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  • Writer's pictureMichelle Weir (Local Democracy Reporter)

MEA Council accused of not putting people first by Alliance Party

The Alliance Party has accused Mid and East Antrim Borough Council of “not putting people first” over the future of Larne Swimming Club.

Speaking at a meeting of the council on Monday evening, Larne Lough Councillor Danny Donnelly said that the swimming club feels that its “existence is under threat” over council plans to “take over a learn to swim programme”.

He asked the council to refrain from “any aggressive moves to take over the programme” and for the issue to be debated in the chamber.

Larne Swimming Club believes it could be “out of business” after the local authority decided to extend its own swimming lessons programme at its three leisure centres.

The decision was taken at a meeting behind closed doors last July when councillors agreed to the expansion of the “MeAqua Academy” at Larne Leisure Centre, Seven Towers Leisure Centre, Ballymena and Amphitheatre, Carrickfergus to provide swimming lessons mainly for schoolchilden with swimming club lessons due to cease from April.

Larne Lough Councillor Robert Logan commented:

“The swimming club were unfortunately not put first.”

He pointed out that Larne Swimming Club pays almost £35,000 into the council coffers.

He went on to say that “sufficient detail” had not been provided to councillors over the proposed expansion of the “MeAqua Academy” and that the proposer and seconder were not aware of the “detrimental impact being visited upon the swimming clubs”.

Cllr Logan called for an “urgent, open meeting” with the clubs to which he said elected members should be invited.

He was informed by a director that “quite often our partners liaise with us throughout weeks and months”.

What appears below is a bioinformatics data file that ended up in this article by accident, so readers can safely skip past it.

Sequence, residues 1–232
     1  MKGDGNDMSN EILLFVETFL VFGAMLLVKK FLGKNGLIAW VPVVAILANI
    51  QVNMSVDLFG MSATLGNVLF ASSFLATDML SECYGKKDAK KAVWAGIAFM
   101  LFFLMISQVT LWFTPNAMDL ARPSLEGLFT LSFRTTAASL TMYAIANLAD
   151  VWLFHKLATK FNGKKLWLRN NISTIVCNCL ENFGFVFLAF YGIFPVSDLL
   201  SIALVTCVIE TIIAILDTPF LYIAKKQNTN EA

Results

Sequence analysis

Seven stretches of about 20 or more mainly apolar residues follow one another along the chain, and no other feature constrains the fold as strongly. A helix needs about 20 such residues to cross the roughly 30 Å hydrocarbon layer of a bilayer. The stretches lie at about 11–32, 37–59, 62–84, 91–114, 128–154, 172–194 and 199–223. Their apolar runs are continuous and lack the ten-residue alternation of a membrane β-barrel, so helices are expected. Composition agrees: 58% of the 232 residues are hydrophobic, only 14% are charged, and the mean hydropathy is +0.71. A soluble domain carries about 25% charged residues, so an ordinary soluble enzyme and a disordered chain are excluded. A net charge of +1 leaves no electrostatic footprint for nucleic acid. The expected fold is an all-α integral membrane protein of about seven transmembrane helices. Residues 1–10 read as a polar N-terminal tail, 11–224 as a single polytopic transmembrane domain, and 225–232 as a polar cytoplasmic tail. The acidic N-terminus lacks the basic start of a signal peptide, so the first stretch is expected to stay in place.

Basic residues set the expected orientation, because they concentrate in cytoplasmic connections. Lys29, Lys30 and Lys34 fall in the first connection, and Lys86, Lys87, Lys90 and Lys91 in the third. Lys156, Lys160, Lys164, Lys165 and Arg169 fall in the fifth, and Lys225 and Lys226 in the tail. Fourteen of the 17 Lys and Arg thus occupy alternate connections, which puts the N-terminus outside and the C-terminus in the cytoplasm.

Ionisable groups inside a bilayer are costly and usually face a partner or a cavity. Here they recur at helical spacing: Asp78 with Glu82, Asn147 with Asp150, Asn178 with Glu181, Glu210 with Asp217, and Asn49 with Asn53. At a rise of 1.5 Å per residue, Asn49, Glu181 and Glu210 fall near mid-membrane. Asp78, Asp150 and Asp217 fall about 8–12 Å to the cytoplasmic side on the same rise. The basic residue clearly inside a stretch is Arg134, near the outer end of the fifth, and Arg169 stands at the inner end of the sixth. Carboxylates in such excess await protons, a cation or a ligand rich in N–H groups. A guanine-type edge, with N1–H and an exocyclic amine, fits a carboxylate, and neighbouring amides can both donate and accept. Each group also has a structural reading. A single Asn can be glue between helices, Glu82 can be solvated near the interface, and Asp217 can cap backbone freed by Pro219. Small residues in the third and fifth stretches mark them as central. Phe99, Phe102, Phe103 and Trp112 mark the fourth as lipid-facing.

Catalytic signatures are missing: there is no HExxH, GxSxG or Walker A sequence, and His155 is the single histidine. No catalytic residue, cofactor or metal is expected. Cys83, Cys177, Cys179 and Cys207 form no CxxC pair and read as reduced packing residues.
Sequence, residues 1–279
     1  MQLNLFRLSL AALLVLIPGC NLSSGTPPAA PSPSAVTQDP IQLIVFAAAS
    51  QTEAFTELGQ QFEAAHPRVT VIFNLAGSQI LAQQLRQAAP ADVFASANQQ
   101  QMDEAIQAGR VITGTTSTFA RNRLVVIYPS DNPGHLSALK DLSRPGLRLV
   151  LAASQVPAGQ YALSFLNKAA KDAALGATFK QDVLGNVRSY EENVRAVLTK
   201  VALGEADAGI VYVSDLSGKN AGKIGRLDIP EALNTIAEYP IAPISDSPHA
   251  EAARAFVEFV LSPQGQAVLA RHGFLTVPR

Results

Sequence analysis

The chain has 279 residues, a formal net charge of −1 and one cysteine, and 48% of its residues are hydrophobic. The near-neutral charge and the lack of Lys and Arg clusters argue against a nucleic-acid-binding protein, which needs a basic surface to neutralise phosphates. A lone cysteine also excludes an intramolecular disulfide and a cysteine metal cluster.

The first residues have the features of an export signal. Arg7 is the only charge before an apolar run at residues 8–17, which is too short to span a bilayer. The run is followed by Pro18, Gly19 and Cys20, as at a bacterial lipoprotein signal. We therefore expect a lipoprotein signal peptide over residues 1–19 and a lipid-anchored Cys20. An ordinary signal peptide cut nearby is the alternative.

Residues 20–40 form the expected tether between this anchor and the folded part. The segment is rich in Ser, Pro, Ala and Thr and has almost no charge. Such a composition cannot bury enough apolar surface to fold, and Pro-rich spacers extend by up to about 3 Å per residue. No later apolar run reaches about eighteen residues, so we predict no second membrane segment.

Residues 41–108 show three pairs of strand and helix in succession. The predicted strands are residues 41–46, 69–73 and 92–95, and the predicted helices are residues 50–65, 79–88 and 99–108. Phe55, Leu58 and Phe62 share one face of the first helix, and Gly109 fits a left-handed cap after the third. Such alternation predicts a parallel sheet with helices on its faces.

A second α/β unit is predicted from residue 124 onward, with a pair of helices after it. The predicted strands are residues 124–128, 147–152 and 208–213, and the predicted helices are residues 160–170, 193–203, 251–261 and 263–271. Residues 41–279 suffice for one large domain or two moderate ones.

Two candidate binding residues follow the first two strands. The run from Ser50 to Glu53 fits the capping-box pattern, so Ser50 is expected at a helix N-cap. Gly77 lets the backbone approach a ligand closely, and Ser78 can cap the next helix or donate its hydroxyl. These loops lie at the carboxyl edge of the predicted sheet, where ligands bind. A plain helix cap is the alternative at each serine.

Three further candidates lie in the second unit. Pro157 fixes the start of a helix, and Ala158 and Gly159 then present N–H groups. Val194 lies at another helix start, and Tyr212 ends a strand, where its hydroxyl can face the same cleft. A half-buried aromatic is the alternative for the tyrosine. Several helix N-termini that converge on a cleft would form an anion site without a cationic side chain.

She said that a report will be brought to next month’s council meeting for elected members to consider.

Chairperson Laura O’Mahony said recently that revenue from the club’s swimming lessons makes the £32,000 rent “affordable” at Larne Leisure Centre and to lose it will “put us out of business”.

“We have been told there are other ways for swimming clubs to survive,” she commented.

“Our swimmers will probably disperse to different clubs, possibly Ards, Bangor and Belfast.

“We are a very high achieving club. We have an Olympic swimmer who takes eight hours a week of her training schedule to coach poolside but none of it seems to matter.

“The council does not see the benefit in the club being there. It is about making a poor financial decision with regard to their leisure centre.”

Larne Swimming Club has 162 “learners” and 50 children on the waiting list. It has a 120-strong membership and 12 coaches including one Olympian and currently holds 19 Ulster and 14 Irish records.

Mid and East Antrim Borough Council was strongly criticised by Larne and Ballymena swimming clubs for remaining shut for an extended period at the end of the first lockdown in 2020 despite being allowed to reopen by the Northern Ireland Executive.


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